Los Angeles is certainly not the most social town — compared to New York, where design and art events happen nightly and, as a professional, you could pretty much get by never paying for a glass of wine, LA’s calendar can’t really compete. Which is why things feel so much more exciting when Frieze comes to town each February, and suddenly your calendar fills up and you’re running into interesting people left and right, multiple times a day. For those of us who crave creative stimulation, it’s a boon, the time of year when galleries, stores, and makers sync up to showcase new works and new ideas.
During this year’s Frieze week, as usual, we didn’t just see great art and design inside the tents and hangars at the Santa Monica airport, but all over town, starting with the first solo LA gallery exhibition by Gaetano Pesce, at Casa Perfect, which spanned both iconic older pieces as well as new ones, like multicolor lamps made from resin “rocks” cast from stones the designer collected himself. Maarten Baas also had his first solo exhibition in LA, a retrospective at Carpenters Workshop, and Friedman Benda also staged a retrospective, featuring 35 years of work by the Campana brothers, honoring the memory of Fernando, who passed away last year. (Our favorite piece there was a forged-iron chair from 1989, part of an early series by the brothers called the Desconfortáveis, or Uncomfortable, collection.)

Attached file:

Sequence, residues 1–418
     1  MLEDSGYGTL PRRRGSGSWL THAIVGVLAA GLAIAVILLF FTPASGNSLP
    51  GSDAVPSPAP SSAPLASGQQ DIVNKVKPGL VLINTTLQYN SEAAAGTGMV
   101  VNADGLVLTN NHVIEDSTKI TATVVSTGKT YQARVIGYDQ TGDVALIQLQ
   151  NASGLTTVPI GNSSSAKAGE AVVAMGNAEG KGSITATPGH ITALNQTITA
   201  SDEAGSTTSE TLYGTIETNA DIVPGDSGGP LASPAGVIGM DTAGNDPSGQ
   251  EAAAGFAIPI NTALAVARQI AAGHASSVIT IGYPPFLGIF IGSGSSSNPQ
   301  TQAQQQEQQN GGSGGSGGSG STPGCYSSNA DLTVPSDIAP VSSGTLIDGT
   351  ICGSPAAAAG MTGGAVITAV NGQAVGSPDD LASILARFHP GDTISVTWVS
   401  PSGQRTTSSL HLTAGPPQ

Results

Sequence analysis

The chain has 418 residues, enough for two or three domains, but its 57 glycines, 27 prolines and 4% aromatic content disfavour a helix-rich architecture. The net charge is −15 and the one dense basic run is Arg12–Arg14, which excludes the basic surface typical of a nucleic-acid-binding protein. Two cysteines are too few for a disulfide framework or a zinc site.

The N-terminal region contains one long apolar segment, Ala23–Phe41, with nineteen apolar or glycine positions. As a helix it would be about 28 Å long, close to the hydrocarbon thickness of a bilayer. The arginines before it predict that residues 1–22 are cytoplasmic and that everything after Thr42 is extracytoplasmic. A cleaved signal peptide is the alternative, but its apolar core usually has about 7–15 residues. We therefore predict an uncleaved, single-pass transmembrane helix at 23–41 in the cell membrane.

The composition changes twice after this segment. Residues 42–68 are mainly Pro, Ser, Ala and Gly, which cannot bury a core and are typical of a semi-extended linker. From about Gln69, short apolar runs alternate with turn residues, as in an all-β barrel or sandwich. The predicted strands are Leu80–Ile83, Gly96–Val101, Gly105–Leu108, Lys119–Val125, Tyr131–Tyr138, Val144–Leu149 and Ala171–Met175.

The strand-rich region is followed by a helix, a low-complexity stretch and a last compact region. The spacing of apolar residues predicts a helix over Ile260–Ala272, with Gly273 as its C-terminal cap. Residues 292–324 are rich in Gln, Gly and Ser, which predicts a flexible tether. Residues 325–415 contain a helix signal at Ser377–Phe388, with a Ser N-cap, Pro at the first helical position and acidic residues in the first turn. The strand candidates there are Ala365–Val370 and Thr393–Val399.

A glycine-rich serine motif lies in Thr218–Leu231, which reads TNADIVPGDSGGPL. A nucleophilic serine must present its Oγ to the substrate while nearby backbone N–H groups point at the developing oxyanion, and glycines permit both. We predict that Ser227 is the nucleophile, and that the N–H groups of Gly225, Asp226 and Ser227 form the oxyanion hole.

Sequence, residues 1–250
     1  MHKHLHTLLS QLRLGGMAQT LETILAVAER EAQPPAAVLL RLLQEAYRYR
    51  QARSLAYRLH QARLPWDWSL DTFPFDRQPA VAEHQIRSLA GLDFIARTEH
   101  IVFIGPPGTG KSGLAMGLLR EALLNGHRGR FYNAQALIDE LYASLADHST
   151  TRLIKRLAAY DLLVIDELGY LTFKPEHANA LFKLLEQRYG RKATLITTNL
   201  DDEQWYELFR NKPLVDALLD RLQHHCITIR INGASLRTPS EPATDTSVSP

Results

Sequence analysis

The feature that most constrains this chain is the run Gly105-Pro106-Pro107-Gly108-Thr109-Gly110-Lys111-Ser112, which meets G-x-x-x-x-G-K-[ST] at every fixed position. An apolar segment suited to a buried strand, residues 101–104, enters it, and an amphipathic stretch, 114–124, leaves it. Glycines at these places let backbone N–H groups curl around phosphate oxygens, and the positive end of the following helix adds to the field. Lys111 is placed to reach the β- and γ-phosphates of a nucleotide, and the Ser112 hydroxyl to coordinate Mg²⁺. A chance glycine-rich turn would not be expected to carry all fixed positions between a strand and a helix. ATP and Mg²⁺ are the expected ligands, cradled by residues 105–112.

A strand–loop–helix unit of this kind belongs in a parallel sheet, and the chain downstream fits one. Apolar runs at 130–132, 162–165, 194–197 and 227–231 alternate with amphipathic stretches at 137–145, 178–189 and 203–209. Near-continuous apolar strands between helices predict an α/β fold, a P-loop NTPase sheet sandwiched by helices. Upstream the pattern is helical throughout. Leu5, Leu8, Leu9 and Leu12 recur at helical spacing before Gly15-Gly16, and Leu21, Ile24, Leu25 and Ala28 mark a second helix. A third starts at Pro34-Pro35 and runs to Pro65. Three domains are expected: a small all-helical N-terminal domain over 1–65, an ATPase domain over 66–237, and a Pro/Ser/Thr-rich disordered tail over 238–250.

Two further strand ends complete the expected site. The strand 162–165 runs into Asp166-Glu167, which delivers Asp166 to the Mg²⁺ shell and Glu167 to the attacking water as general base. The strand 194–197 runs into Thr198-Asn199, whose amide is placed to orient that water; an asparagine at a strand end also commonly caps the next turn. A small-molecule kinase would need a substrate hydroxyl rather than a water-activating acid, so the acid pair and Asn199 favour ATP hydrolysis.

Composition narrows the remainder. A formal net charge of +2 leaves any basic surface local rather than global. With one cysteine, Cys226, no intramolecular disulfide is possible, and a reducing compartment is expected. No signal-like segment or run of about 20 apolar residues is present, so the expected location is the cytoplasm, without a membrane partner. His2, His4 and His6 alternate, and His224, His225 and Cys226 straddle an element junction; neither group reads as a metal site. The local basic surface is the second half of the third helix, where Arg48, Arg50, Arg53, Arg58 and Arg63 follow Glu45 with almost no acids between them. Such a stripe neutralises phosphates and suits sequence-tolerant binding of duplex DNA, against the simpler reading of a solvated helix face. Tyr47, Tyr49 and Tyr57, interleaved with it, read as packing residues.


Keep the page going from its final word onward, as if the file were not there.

We also had the pleasure of attending three great happenings last week: First, a lunch by the roving pop-up culinary project We are Ona, which took over Willo Perron’s studio in Silverlake and served multi-course meals by French chef Thomas Coupeau on pottery by Peter Shire (you can hire them for private events, too!). Second, the third edition of Lobster Club — a buzzy new platform for artists residencies and pop-up group shows founded by painter Maja Dlugolecki — where work by 9 artists was offered for sale inside a home in Echo Park. (Many of the works are sold now, but you can inquire by emailing [email protected]) And last but not least, a party inside the Frieze fair hosted by partner Maestro Dobel, who wowed us with a cocktail bar setup — created in collaboration with the furniture gallery Clásicos Mexicanos — consisting entirely of iconic Mexican chairs from the 50s to the 90s, including a series (and the bar itself) made in 1971 by Ricardo Legoretta for the Camino Real hotel in Mexico City.
See (almost) everything we saw below, including our favorite art from the Frieze fair proper. (Pictured at top: Canada gallery’s booth at Frieze)
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